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"French White . . . ?" Topic


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Erzherzog Johann29 Apr 2021 11:52 p.m. PST

So next train of thought . . . I'm planning on modelling my French on 1809 (to pair with my Austrians) so I had a look at the order of battle to check which regiments were in the white uniform. There were a few present on the Danube. The white was left to be replaced due to wear and tear after blue was reintroduced in 1807. Suchet's comment about the "medley" of hats and shakos, white and blue uniforms, being finally over in November 1809 (but he was in Spain) suggests to me that a mix of white and new (so dark) blue would be appropriate. Thoughts?

Would I be best to depict those units (Regts 3, 4, 16, 18 and 46 were present at Aspern – Essling and I'd like to have this oddity represented) with a mix of blue and white uniforms in the formation? Also, what about the 4th battalions, which were evidently 1/3 veterans, 2/3 raw recruits? I presume the new troops would be in blue but some of the veterans may have been in white?

I know there's no definitive answer to these questions; I'm curious about the opinions out there.

Thanks,
John

Personal logo Artilleryman Supporting Member of TMP30 Apr 2021 1:28 a.m. PST

I think that the general opinion is that the French on the Danube had replaced the white uniforms by the start of the campaign in 1809. Spain, being at the end of a long and difficult supply line were a bit slower in abandoning the white uniform. I have not seen any references to whit French uniforms in Germany and Austria but, on the other hand, I have not seen any references saying there definitely were not.

In short, put in a few white uniforms if you want but only sparingly.

VonBlucher30 Apr 2021 5:40 a.m. PST

I would think that with the 1809 campaign with the Austrians that you would want all the white uniforms removed as less likely any friendly fire instances

Personal logo Artilleryman Supporting Member of TMP30 Apr 2021 5:55 a.m. PST

As happened to the Saxons

Erzherzog Johann30 Apr 2021 3:34 p.m. PST

I've never seen it said that the change to white was to avoid friendly fire incidents against the Prussians though. The replacement began after the 1807 war with Russia. It may well be true that supply problems in Spain meant they got rid of their white uniforms later but that doesn't necessarily mean everything went perfectly smoothly everywhere else.

How frequently were uniform items meant to be replaced in the French army? If the idea was "as they wear out", there's no reason to think that would happen more quickly in a peacetime role in Bavaria or France rather than in an arduous campaign in Spain.

I'm not looking for a way to have more white units – the Austrians tick that box already and if I do some Italians that'll be more (and very similar looking to white uniformed French). But since there were some French units from 'the list' spread throughout the army on the Danube (I haven't checked the Orbat for Eugene), it will be hard to avoid them. I want to be as sure as it is possible to be that what I'm painting will be plausible.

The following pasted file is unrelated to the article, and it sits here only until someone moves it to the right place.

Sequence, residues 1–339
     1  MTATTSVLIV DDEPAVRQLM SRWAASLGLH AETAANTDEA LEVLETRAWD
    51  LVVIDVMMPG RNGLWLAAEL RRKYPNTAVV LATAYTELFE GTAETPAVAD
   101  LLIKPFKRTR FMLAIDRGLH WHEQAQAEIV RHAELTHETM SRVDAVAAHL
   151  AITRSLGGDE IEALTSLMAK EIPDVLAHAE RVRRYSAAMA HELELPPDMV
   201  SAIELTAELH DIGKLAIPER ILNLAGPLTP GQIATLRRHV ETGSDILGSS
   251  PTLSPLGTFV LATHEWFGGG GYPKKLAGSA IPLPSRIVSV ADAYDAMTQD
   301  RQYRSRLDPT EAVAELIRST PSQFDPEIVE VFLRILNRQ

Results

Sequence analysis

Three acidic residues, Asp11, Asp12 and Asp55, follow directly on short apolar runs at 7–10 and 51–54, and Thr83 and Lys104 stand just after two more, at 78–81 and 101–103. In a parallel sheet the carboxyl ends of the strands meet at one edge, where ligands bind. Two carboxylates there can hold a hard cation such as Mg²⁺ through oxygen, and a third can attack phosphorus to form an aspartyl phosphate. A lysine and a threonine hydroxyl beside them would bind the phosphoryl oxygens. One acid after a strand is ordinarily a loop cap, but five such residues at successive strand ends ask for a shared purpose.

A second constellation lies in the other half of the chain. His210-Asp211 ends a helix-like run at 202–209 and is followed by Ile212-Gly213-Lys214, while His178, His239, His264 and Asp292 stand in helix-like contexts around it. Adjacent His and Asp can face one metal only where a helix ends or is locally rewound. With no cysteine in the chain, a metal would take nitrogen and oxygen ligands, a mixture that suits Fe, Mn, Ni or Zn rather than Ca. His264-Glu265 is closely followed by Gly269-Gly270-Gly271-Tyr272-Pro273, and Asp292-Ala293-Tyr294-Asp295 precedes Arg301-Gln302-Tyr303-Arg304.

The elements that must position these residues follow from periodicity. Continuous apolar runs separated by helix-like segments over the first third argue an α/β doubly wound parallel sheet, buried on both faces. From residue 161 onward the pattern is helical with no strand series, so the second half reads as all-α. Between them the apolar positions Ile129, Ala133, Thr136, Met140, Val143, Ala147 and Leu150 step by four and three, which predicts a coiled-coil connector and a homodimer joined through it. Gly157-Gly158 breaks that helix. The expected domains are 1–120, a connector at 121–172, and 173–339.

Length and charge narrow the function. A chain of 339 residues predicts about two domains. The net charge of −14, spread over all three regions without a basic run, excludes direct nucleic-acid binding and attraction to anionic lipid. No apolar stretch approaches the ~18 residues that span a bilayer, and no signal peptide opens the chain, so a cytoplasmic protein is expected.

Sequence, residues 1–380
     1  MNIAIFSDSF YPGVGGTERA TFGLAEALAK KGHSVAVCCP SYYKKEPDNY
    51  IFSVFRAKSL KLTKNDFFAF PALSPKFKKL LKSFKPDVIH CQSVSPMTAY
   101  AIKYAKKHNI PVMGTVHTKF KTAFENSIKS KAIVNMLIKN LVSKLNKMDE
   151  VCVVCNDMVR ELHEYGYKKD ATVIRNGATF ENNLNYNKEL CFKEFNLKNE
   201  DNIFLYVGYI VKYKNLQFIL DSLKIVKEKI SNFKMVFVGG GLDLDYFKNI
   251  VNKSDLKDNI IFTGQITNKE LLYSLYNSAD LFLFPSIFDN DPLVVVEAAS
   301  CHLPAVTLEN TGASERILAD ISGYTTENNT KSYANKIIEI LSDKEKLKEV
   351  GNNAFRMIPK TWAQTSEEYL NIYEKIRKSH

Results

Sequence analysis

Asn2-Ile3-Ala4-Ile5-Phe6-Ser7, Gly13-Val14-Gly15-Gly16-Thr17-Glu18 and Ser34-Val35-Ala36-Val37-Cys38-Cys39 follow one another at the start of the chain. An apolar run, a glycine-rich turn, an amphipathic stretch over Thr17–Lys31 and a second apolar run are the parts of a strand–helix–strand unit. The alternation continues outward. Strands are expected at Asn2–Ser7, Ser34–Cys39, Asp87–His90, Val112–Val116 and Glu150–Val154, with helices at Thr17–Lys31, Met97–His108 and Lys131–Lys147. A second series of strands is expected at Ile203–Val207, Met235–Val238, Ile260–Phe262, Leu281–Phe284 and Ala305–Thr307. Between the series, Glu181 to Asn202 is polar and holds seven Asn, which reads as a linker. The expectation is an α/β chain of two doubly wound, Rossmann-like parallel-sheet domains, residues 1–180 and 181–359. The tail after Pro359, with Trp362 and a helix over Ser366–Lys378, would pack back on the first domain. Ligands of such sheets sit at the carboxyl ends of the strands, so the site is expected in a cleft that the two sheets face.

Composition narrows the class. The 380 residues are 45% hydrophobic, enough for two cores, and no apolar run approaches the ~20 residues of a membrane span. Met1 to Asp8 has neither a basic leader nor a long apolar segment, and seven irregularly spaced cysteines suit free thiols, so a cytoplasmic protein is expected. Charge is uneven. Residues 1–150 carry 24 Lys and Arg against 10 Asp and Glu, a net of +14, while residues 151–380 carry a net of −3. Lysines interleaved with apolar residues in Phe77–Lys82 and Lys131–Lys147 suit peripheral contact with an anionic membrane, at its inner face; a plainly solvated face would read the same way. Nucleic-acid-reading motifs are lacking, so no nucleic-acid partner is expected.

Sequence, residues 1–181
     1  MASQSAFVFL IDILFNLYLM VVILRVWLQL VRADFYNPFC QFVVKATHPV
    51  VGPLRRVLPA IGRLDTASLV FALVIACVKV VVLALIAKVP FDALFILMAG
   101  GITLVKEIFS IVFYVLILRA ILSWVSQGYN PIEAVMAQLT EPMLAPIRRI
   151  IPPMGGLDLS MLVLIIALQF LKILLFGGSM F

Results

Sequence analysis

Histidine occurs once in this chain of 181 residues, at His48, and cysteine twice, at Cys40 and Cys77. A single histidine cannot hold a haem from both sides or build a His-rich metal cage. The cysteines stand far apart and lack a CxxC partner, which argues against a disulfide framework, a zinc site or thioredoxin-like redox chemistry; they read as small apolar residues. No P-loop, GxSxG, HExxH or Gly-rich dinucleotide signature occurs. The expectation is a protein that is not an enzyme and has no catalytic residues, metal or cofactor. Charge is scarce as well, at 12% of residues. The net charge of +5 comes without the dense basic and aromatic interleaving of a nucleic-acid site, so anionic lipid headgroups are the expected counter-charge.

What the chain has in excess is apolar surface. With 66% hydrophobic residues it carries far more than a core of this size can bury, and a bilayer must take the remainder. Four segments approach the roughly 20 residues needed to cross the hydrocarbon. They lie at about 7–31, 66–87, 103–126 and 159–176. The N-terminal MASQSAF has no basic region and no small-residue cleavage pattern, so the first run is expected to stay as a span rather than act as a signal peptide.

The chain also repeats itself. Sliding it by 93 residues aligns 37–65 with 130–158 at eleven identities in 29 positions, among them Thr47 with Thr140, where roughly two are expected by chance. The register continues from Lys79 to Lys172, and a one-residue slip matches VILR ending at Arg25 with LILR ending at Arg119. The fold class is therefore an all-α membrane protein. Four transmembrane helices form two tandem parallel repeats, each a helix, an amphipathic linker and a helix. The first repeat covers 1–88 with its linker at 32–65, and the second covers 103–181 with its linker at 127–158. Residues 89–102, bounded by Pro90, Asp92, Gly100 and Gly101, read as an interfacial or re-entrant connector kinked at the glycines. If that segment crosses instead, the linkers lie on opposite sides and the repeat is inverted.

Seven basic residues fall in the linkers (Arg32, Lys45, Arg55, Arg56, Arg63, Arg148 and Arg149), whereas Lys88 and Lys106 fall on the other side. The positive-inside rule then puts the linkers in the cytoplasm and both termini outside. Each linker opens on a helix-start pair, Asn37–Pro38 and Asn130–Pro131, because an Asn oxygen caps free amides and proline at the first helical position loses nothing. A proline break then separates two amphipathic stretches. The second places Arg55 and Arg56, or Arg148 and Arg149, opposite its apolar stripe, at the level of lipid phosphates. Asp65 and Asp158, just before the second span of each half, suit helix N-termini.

Thanks again for the input,
John

GROSSMAN03 May 2021 3:05 p.m. PST

I used a very light grey on my French, looked pretty nice.

Erzherzog Johann03 May 2021 3:33 p.m. PST

My Austrians have off-white over Vallejo Deck Tan. A blind man would be pleased to see them . . .

Cheers,
John

Erzherzog Johann10 May 2021 11:20 p.m. PST

I'm thinking I might just include a token white uniformed figure in each – an officer for the 4th because it's believed only the officers were issued them, an ordinary soldier in any other case that I end up doing- as a nod to the brief change. I definitely don't want regiments of white-clad French fighting my white-clad Austrians, the whole point of having French is those blue uniforms, they're 'les bleus' . . .

Thanks all,
John

SHaT198412 May 2021 4:04 p.m. PST

I wasn't going to join in, but I'm pretty sure of some details of correction (as Armand has suggested…)

>>The replacement began after the 1807 war with Russia.
No I'm sure the 'army' in Germany received, some units marched, others delivered, white uniform pieces before the end of 1806.
Remember the claimed 'horror' of Napoleon seeing the white clad Frenchmen bloodied and butchered at Eylau?

>>How frequently were uniform items meant to be replaced in the French army?
Well documented, habits 3 years IIRC. However don't forget that 1807 folows two years of short bad weather campaigns, and a bit of 'occupation' in central German states for quite a while. Davout and probably the others, but his is documented, had major issues with lack of shoes etc.

>>since there were some French units from 'the list' spread throughout the army on the Danube

1809- Not IMHO; given the above, peninsular excpted, all the whites would have reverted to foreign units and the 'pretty boys' in the bands/ tete du colonne to use them up.

The army did not waste anything. Recall the citation from PoE or some such authority- the 3rd de ligne 'reassigned' existing chapeau in 1807 between the other fusilier companies when all the voltigeurs (3 companies) were issued 'new' shakos and emblems. Allegedly only the third bon of that regiment wore white, and they were probably 'reinforcements' who marched to Germany before the final '1807' gamble.

FWIW mes comrades… en avant…
~d

Erzherzog Johann12 May 2021 10:40 p.m. PST

"The replacement began after the 1807 war with Russia."

Just to clarify, I meant the replacement of blue with white, not the subsequent reversion to blue, which happened after the Eylau episode. I wondered whether, since they were to be replaced as they wore out, there might have still been a few around in 1809 in the army on the Danube.

If however people are pretty certain that all white uniforms would have been out of service by then (other than in Spain, where we know some were still being worn), I'll happily do them all in blue.